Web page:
Books and baubles

I know it's not supposed to be all about the presents but the right gift can make the difference between O Holy Night or oh wholly shite.

So apart from theatre tickets, what else might you or your theatre going loved one want to find under the festive greenery?

I have the American board game Be a Broadway Star but The Musical Theatre Card Game is more portable and up to date and I have put in my order.

Cast and star recordings are an obvious gift choice and one that can often be delivered electronically to overcome problems associated with lack of time or planning. This applies to the original London cast recording of Olivier-nominated musical Amélie, new musical Tokyo Rose, and Fiver, the concert of a show I had the pleasure of reviewing back in 2019.

Running at The Courtyard Theatre until 21 November is gig-theatre piece Punchy! The Musical for which the soundtrack is available in digital format and limited edition vinyl.

Fascinating Aida's prolific Liza Pullman has released both a collection of classics The Heart of It and Liza Pulman Sings Streisand , and Jesus Christ Superstar comes in a number of formats to celebrate its 50th anniversary—and doesn’t that make you feel old!

And books are always good as a first choice or fallback.

Amongst the memoires out this year are Lowering the Tone and Raising the Roof, the autobiography of impresario Raymond Gubbay, Hamilton and Me: An Actor's Journal by Giles Terera, and, no kidding, Life at Hamilton by the Broadway theatre bar manager. I bet it's not as much fun as Friend (The One With Gunter) the sitcom reimagined from the point of view of the barista.

Michael Pennington has published In My Own Footsteps—A Memoir. This is on my wish list—I still remember seeing my first production of Romeo and Juliet as an impressionable teenager in which MP played Mercutio; more recently he played Prospero in The Tempest, the last show I saw before lockdown, to which I took a teenager of my own. This production returns to Jermyn Street Theatre later this month to finish what it started.

Almost Famous by Robin Hawdon whose writing credits include Don’t Dress for Dinner has written his history, and Denis King, who wrote (among others) the songs for and made his West End début in Peter Nichol's Privates On Parade has updated his memoir, Key Changes 2020.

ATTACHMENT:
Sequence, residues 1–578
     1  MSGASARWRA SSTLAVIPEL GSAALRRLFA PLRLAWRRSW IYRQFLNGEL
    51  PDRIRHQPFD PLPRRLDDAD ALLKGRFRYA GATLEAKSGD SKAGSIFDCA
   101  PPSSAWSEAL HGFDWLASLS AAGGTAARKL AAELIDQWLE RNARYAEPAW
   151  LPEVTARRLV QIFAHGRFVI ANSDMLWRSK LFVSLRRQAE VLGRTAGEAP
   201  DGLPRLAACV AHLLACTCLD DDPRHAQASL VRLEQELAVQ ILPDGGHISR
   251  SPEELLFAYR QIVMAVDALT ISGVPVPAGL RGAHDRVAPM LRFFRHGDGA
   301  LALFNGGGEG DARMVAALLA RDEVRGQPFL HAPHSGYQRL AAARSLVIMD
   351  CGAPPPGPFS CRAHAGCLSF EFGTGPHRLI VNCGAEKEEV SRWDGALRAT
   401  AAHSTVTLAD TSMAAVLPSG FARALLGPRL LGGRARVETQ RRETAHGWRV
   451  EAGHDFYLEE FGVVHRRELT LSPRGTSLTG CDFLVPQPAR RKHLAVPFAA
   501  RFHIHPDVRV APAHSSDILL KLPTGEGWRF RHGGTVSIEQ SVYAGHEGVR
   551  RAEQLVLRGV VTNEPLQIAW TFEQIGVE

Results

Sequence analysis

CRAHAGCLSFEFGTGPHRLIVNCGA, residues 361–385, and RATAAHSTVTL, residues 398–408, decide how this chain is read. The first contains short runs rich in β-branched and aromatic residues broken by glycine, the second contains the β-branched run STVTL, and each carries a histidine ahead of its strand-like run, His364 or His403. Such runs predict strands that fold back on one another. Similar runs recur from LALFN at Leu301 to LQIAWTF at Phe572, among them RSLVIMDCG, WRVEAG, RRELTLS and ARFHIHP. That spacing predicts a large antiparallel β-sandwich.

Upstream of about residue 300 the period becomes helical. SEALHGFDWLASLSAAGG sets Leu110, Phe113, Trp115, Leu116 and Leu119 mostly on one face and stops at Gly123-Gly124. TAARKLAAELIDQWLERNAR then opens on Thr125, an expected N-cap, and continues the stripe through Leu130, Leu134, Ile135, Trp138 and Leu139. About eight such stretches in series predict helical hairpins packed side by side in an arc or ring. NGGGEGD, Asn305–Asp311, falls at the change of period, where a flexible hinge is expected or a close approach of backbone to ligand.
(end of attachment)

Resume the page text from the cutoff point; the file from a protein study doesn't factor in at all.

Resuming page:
The other side of the coin may be found in See You at the Premiere: Life at the Arse End of Showbiz, the self-styled "antidote to the torrent of banal, disposable, showbiz memoirs" written by Ross Smith whose nomes de plume names include Richard Mathews (Greyfriars Bobby) and David Hastings (One Small Step).

Other texts include award-winning children’s theatre company Theatre-Rites' Animating Puppets, Objects and Sites, and Adam Lenson has penned Breaking Into Song—Why You Shouldn't Hate Musicals.

Shakespeare by Robert Pennant Jones was published this year and reviewed by our own Phillip Fisher, and reference works include Shakespearean Wig Styling and Take One, Action! a guide to the art of swordsmanship in acting.

Or, for something more fictional, Wild Time, a re-working in novel form of A Midsummer Night’s Dream may hit the spot, and if you enjoy reading (or producing) audio drama you could do worse than More Audio Drama.

Delving into theatre history playwright and actor Anton Burge looks at the many actresses who have played Elizabeth I in Portraying Elizabeth, whilst 50 Women In Theatre (look out for the review shortly on this web site) is an important work of record on women's contribution to the industry past and present.

So, that’s the end of my gift suggestions and panto alternative nights out, except to say that even if you can't or don’t feel ready to take in a Christmas show, consider making a festive gift to your local theatre. Bookings are down, some shows are playing socially distanced / reduced capacity, and they need to feel your love.

During the peak of the pandemic, the industry big-hitters predicted many permanent theatre closures. Fortunately, in the main, their crystal ball was a little off, but that does not mean that your local theatre is out of the woods. The chances are is has little or no reserves left.

Whilst you are toying with the idea of whether to book tickets for a show or not, spare a moment to just enjoy the privilege of having the choice. If we don’t support our theatres this season, they may not all be around to Ho Ho Ho in 2022. And sadly that’s not humbug!

For information about socially-distanced, captioned, signed and relaxed performances and age suitability, please see the show or venue web site.

I am geographically challenged and prone to magic carpet-style flights of fancy when it comes to wanting to see a show. My colleagues at British Theatre Guide have also posted information about shows in their region with significantly more gravitas that can be found in this piece, and we are privileged to have Mr Panto himself, Simon Sladen, on the team too. Do please refer to their news pieces and features and our listings pages for a more comprehensive selection of shows available near where you are.